Though successful, he still struggles with his fear of judgement.
"From the beginning, everyone pushed me. My team would tell me, 'Do this event, do that event.' I created a lot of excuses: I'm sick. I'm not feeling well. I did shows in Paris, and of course in the United States and in Asia, but I'm shy. I don't know... I don't want to be judged by the Italians. Of course, everybody is judgemental. Singaporeans will judge their own Singapore designers. Whether it's good or not, even if it's not fantastic, some Italian people will say, 'I love you'. It's too much for me, I don't want it."

He doesn't like men's shoes.
"I don't like men's shoes. Men are really, really boring, super boring, especially when I was young. When I was 20, my dressing was unusual - my hair was blue, navy blue. This is normal now. But at that time, my family was very upset."

... Nor is he a fan of Christmas.
"I don't like Christmas Day or December 31st. I don't like anniversaries, because I feel sad. I'm happy, for example, when there's rain. Everyone says, 'Oh this day is so sad and rainy.' I don't like to do the same things they're doing. I am still a rebel inside. But of course, I love sunny days. Life is beautiful - we need to find another angle to see it."

He thinks Zayn Malik, with whom he designed a collection last year, is strange.
"Oh Malik, yes, he's very strange and peculiar. Strange because he's actually shy and sensitive. Strange because I'm strange too. People believe celebrities are super sparkling but they don't know the reality. The reality is that some artistes like to stay home. Just look at Michael Jackson - he was incredibly shy but in shows, he was a dynamite."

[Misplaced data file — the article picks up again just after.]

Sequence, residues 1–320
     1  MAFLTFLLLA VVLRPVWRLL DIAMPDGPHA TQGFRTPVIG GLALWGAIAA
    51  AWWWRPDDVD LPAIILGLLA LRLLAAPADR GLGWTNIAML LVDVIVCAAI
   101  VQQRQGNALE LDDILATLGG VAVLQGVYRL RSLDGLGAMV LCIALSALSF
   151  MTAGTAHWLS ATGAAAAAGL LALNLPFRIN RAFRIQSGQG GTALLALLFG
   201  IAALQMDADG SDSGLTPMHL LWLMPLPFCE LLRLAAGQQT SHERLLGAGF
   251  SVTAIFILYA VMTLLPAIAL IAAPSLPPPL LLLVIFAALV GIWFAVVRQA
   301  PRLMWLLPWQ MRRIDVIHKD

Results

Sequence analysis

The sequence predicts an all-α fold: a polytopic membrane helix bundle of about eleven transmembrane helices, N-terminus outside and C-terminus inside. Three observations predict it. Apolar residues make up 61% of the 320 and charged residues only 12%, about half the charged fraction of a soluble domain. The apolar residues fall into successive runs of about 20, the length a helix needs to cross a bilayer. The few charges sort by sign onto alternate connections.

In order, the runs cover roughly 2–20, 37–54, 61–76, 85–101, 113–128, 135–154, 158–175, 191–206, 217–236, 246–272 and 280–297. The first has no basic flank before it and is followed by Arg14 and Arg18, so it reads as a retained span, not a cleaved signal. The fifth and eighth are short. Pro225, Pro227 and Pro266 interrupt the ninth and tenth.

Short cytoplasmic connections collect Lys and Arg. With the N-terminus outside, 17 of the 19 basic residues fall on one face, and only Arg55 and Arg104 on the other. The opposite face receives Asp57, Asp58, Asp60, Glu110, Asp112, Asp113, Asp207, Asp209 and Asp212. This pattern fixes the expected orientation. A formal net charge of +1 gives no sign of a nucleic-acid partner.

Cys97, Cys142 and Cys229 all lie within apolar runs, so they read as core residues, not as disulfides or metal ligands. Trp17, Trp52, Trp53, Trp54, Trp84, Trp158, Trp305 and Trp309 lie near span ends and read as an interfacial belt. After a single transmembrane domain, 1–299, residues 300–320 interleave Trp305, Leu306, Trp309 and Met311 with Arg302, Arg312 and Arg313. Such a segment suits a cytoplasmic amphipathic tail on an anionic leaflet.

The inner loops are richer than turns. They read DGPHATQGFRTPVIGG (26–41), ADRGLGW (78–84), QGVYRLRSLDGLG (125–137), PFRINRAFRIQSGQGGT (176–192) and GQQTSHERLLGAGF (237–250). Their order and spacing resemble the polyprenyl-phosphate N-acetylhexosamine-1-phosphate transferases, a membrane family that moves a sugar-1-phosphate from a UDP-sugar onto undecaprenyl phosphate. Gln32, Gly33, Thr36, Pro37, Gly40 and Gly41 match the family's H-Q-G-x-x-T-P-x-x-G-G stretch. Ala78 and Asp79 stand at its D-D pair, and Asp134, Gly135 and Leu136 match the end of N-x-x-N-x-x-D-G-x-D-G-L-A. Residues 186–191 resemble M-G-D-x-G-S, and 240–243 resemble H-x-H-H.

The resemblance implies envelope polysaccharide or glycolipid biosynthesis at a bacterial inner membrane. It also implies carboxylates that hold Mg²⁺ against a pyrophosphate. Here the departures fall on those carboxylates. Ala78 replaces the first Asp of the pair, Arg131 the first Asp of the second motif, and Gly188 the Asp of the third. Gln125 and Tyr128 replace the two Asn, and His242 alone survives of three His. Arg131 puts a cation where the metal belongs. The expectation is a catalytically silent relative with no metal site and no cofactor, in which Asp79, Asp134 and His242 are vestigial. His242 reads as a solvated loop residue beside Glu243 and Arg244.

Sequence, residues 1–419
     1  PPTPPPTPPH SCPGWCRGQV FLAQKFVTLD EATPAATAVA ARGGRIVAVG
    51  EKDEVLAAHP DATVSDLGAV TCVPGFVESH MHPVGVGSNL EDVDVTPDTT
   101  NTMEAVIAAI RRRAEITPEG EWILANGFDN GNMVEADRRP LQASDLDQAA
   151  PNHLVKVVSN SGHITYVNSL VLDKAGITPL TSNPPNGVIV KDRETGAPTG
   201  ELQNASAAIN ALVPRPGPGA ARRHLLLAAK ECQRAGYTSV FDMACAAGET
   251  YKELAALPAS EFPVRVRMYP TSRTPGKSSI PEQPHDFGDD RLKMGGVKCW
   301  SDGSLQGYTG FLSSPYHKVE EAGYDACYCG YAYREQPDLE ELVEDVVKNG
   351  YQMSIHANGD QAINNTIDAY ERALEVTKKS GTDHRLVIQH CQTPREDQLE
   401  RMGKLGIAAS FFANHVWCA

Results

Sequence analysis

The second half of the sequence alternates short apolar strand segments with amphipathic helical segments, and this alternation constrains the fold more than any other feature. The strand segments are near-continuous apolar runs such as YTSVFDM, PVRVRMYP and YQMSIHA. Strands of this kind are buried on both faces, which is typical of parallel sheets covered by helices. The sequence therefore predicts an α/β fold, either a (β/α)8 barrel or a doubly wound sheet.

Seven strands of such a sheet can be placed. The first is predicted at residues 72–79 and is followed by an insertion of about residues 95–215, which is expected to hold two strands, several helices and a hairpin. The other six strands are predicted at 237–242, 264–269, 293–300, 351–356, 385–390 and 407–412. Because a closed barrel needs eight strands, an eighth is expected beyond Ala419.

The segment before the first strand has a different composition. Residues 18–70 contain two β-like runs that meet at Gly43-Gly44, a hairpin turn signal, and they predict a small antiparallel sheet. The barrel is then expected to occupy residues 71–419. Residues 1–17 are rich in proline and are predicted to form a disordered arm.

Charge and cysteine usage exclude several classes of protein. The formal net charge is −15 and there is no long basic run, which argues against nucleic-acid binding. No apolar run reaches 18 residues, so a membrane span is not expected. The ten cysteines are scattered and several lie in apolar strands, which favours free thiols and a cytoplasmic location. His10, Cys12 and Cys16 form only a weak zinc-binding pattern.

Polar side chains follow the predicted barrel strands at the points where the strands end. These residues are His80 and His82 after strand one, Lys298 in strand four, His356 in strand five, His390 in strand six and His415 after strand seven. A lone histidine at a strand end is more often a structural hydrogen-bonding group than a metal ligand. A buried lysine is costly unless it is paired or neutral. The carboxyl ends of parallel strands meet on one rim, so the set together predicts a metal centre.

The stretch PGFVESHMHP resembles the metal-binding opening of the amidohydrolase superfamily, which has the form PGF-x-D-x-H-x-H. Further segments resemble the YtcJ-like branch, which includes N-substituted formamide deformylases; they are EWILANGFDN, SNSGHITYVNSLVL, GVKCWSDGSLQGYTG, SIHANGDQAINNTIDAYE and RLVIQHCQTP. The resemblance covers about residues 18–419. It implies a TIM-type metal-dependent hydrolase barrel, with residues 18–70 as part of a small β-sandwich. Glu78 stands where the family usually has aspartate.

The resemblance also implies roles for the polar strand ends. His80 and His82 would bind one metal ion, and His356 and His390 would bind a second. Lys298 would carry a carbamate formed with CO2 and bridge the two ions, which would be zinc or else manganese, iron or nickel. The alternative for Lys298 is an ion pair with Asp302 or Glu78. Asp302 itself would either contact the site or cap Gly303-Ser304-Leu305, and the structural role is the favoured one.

If he weren't a shoe designer, he would be a DJ.
"If I'm not a designer, I would be a DJ. Music is a part of my work because I cannot imagine a collection without a soundtrack. Sometimes I'm inspired by Prince or David Bowie or maybe something more contemporary, more hip-hop. Then there are moments I like more of the classics such as Vivaldi and Puccini. You see, to create an atmosphere, you need to find good music. It's instinctive, emotional. And also not boring. If you were to be shoe designer, a DJ, if you were to work in the kitchen as a chef, you need to be not boring. You need to reinterpret the classic plates. Similarly, when you create a playlist on your iPhone for yourself, it's not enough to simply put all the songs you enjoy together. You need to put a story together, using your perception of your consumers and what they want. There needs to be an arrangement. This part is soft, a little romantic, then there's a bit of Lana Del Rey, something from Beyoncé, something from Rihanna, some Nicki Minaj. And finally, a rock and roll explosion from the past like Nirvana."

Discover Giuseppe Zanotti's fall/winter 2017 collection:

Giuseppe Zanotti's fall/winter 2017 collection is available at #01-11A Ion Orchard.